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EGYPT: Islamists Win Majority
BY Staff ©2012 Baptist Press
slamists, propelled largely by the Muslim Brotherhood, won the overwhelming majority of seats in Egypt's parliament, which held its first session Jan. 23 and is set to elect a 100-member panel to draft a new constitution.
The "mainstream" Brotherhood won about 47 percent of the seats, and an alliance of ultraconservative Islamists known as the Salafis gained another 25 percent, The New York Times reported.
For most of its 84-year history, the Muslim Brotherhood, Egypt's largest and most organized political group, had been banned from political participation, but that changed last spring with the revolt that led to the overthrow of President Hosni Mubarak.
The young leaders who began the revolt won only a few percent of the seats in parliament.
Islamic moral issues, such as the consumption of alcohol, women's dress and the content of popular culture, are of utmost importance to the Salafis, The Times said, noting the Salafis and the Brotherhood seem to be rivals more than collaborators.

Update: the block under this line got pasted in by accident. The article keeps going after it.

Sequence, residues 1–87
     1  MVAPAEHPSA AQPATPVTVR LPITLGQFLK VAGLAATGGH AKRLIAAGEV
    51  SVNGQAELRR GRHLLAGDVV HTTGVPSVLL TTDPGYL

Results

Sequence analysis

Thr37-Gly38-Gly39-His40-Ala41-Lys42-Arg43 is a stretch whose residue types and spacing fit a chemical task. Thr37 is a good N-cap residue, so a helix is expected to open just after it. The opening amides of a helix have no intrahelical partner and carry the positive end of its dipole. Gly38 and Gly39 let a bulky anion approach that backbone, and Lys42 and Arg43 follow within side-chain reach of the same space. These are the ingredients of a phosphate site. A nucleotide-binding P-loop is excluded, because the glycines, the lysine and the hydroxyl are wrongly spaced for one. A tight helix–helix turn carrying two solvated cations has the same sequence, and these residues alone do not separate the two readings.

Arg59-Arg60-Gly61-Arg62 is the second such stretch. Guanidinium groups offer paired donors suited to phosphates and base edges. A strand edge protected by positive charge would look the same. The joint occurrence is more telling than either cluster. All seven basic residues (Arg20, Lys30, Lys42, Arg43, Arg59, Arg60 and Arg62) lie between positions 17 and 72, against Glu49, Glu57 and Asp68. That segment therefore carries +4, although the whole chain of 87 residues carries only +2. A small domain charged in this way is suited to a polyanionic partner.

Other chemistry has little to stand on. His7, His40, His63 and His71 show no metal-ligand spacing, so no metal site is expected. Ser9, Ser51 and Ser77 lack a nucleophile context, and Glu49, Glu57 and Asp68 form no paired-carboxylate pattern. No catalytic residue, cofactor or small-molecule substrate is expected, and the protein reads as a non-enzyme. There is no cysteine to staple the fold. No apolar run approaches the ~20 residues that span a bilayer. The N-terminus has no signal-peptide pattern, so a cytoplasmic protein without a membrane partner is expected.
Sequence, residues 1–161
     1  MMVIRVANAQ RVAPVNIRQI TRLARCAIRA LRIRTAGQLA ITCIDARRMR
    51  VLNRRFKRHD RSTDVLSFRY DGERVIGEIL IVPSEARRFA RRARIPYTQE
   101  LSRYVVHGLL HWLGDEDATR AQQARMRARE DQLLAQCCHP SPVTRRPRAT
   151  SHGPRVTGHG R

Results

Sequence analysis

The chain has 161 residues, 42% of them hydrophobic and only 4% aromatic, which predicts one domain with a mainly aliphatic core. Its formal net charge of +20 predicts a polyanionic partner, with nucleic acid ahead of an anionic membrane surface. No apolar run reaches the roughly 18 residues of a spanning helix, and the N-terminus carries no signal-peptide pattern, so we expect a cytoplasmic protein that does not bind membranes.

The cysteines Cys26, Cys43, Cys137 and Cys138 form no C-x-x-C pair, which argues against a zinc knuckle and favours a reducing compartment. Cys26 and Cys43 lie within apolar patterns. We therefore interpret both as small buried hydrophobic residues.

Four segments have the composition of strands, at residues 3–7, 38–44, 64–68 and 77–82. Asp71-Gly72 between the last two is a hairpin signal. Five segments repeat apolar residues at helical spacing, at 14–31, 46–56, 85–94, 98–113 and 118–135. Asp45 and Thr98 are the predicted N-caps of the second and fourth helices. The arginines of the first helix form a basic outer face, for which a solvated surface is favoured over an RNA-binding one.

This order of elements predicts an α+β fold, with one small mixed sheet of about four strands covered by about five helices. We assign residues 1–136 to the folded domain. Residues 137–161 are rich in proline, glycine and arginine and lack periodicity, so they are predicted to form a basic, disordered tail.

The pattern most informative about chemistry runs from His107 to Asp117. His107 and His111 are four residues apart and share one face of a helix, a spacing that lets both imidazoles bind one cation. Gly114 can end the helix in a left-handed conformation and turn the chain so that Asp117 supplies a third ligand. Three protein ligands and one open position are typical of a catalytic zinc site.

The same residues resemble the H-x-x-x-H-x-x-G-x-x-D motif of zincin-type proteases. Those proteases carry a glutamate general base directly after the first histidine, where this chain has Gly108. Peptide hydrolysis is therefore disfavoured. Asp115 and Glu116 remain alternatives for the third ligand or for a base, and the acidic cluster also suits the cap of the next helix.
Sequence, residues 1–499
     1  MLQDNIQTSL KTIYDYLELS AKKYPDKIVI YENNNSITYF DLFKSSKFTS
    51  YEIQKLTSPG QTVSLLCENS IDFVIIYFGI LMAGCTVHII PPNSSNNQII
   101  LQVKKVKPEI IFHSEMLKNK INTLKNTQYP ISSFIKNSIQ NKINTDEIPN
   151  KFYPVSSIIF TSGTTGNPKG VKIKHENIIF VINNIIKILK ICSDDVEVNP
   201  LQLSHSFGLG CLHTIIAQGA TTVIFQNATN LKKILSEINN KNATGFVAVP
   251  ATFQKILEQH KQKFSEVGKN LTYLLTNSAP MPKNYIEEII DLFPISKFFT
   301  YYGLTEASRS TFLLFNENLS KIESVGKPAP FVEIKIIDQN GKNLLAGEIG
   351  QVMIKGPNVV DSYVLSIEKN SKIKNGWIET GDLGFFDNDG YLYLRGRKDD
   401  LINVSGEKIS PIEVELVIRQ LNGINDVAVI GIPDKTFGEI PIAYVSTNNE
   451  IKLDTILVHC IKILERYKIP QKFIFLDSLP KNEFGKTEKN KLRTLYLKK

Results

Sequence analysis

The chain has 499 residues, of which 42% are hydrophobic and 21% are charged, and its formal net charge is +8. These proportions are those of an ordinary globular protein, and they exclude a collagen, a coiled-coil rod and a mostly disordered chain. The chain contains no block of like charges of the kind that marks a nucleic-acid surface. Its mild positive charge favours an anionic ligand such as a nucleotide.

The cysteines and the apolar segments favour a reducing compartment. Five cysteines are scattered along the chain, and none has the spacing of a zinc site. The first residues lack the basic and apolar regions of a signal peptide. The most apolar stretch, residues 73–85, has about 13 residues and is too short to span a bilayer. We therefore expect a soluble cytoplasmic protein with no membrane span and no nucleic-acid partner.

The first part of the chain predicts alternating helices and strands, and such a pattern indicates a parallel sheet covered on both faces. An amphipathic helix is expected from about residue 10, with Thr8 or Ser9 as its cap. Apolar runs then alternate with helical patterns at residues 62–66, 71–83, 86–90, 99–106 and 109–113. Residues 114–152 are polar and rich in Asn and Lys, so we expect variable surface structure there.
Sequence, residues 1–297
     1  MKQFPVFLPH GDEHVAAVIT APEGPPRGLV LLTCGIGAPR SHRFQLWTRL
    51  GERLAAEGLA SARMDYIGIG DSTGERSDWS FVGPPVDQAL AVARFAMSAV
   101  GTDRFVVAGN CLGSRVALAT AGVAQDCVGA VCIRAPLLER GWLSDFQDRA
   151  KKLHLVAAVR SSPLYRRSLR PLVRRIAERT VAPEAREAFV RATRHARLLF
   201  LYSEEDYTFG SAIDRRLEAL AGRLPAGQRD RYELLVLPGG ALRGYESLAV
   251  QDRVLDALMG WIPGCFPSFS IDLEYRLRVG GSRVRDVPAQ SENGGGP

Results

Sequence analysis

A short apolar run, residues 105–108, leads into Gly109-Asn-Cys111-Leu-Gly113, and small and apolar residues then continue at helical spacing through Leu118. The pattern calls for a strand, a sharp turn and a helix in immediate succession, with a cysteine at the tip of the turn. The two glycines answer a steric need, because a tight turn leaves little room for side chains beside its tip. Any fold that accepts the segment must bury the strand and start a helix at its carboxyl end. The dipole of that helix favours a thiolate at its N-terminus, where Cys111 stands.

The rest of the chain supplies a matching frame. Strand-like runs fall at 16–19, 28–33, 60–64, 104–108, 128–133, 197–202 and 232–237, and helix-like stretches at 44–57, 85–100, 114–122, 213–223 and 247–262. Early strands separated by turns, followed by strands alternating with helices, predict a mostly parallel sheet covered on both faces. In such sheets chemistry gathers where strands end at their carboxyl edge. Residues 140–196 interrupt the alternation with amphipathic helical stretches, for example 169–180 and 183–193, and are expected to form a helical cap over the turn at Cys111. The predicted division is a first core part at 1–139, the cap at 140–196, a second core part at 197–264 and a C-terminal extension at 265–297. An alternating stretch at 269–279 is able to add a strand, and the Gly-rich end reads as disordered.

The Hudson Institute's Nina Shea, a religious freedom expert, wrote, "Egypt's Islamist landslide is likely to result in the attempt to coerce -- through lawful and/or extra-judicial punishments -- apostasy and blasphemy codes, which protect from criticism anything and anyone claiming to be Islamic, including quite likely criticism of the Islamist parliamentarians and governmental leaders themselves."
In an Islamist-controlled Egypt, Shea said, "punishments could be meted out to those who dissent from proposals or de facto efforts to revoke women's rights or equal citizenship rights for Coptic Christians or to establish religious police, enforce sharia law or screen political candidates for religious correctness -- all real examples from other countries.
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